Lumbard, Chief Judge, and Medina and Kaufman, Circuit Judges.
Appellant David Henry Mitchell, III, appeals from a judgment of conviction, entered upon a jury verdict of guilty, arising out of a one-count indictment charging appellant with wilful failure to report for induction into the Armed Forces, in violation of 50 U.S.C. App., § 462.
Various points of law have been covered in the briefs and on oral argument but we shall confine our discussion to the decisive question, whether appellant's right to the effective assistance of counsel under the Sixth Amendment was infringed by forcing him to trial without allowing him sufficient time to obtain defense counsel of his own choice.
On May 20, 1965 appellant was indicted. He pleaded not guilty on June 14, 1965. A motion to dismiss the indictment, made on August 2, 1965, was argued on September 7, 1965 and on the same day denied. On the following day the trial judge was disposed to proceed at once to trial, but certain developments to which we shall refer later led to a continuance until September 13, 1965, at which time a trial was had resulting in appellant's conviction and the imposition of a sentence to not less than 18 months and not more than 5 years imprisonment pursuant to 18 U.S.C. § 4208(a)(1), and the imposition of a committed fine of $5,000. Appellant has been released on bail pending the disposition of this appeal.
Of basic importance is the fact that appellant, for the 4 previous years, and up to and including September 8 and September 13, had taken the position before the Draft Board and in the District Court that his refusal to comply with Selective Service requirements was not because he was a pacifist but because, if he submitted to the draft, the "Nuremberg Law" would render him "guilty of complicity in crimes defined by the Charter of the International Military Tribunal," specifically wars of aggression and acts of inhumanity. Apparently it was his plan of defense to attempt to prove in one way or another that the United States had been guilty of such wars of aggression and acts of inhumanity in Vietnam, Cuba, Panama, Santo Domingo and elsewhere.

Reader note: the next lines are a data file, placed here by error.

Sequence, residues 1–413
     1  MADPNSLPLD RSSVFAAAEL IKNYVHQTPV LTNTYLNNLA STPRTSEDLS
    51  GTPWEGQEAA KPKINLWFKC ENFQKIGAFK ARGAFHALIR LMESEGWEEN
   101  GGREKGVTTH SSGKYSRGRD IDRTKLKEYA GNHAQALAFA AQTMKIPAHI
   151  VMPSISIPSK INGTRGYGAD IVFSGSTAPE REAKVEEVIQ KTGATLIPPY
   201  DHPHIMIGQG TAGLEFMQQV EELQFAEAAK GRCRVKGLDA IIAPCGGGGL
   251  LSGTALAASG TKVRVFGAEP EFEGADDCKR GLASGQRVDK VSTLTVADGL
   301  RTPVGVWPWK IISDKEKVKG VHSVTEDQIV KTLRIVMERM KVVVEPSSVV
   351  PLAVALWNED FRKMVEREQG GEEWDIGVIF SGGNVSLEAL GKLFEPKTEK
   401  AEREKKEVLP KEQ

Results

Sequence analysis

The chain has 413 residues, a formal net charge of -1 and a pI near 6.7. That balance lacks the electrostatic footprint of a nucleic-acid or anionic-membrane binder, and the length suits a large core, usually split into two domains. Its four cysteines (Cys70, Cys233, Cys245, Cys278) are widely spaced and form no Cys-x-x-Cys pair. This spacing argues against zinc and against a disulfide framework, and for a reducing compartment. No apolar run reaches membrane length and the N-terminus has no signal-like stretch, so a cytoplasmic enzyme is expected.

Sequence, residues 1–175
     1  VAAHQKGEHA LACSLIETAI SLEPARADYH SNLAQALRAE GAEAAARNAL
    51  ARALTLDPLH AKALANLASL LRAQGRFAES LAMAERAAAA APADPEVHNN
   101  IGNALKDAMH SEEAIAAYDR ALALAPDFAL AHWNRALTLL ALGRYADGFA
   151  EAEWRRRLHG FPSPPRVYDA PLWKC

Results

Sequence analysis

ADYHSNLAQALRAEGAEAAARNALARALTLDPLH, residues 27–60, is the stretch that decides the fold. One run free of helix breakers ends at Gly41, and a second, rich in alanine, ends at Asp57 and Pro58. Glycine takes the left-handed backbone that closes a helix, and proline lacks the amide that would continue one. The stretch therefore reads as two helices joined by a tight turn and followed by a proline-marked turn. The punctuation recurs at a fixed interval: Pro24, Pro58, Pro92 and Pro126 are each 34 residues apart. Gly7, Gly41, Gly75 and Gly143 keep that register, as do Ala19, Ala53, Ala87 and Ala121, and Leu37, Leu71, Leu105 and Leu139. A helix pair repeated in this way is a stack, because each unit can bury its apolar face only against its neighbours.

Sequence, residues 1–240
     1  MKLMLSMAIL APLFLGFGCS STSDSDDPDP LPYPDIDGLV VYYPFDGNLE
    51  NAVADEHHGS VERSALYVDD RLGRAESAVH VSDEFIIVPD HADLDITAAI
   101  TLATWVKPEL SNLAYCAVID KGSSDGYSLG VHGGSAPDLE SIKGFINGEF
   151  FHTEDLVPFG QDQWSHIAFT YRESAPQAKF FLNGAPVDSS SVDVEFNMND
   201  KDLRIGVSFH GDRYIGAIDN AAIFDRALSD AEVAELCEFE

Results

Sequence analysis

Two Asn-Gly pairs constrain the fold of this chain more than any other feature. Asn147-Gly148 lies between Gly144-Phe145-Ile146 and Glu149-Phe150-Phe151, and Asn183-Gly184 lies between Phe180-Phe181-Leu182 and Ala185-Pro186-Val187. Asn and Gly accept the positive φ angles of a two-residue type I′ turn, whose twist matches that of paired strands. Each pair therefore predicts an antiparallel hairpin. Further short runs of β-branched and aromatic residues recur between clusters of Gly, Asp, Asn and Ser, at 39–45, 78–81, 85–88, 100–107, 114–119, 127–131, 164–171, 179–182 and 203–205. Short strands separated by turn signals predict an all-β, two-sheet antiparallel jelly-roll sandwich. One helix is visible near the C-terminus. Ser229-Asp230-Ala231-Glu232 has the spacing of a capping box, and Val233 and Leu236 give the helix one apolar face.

Against this background, the scene opens in the District Court on the morning of Wednesday, September 8. Up to that time and for about a year, including a considerable period of time before appellant was indicted, he had been represented by Conrad J. Lynn, Esq., as his lawyer. The trial judge announced that Mr. Lynn had told him over the telephone that he was ill and could not be present in court on September 8. The substance of what then occurred was that appellant informed the trial judge that he was about to dismiss Mr. Lynn and he asked for time to obtain new counsel, stating that his problem was not lack of funds but rather the difficulty of "finding a counsel who I will have confidence will represent my position in opposition." The trial judge adjourned the trial to the following Monday and said: "The condition, however, that the Court imposes upon substitution of counsel is that he be ready to proceed with the trial of the case on Monday, September 13." Appellant insisted that the time was too short.
The colloquy was resumed in court on Monday, September 13. Mr. Lynn was present and he informed the trial judge that he had spoken with appellant who did not feel that Mr. Lynn could represent him, "there is complete incompatibility on the way this matter should be presented." Also in court was Anthony C. Apicella, Esq., an experienced trial lawyer and former Assistant United States Attorney, whom the trial judge had asked to be there and who had agreed to represent appellant as assigned counsel, should the occasion for his appointment as such arise. Appellant promptly said he had dismissed Mr. Lynn and "I am not ready to accept court-appointed lawyers." While the discussion continued for several pages of the transcript, the end result was that Mr. Lynn and Mr. Apicella were told to give appellant such legal advice and assistance as he might desire. Appellant, on the other hand, insisted he needed more time to obtain new counsel of his own choosing, that he had "contacted" some 15 lawyers none of whom would accept a retainer on such short notice, and that he did not want and would not avail himself of the services of either Mr. Lynn or Mr. Apicella. Later Mr. Lynn was excused by general consent.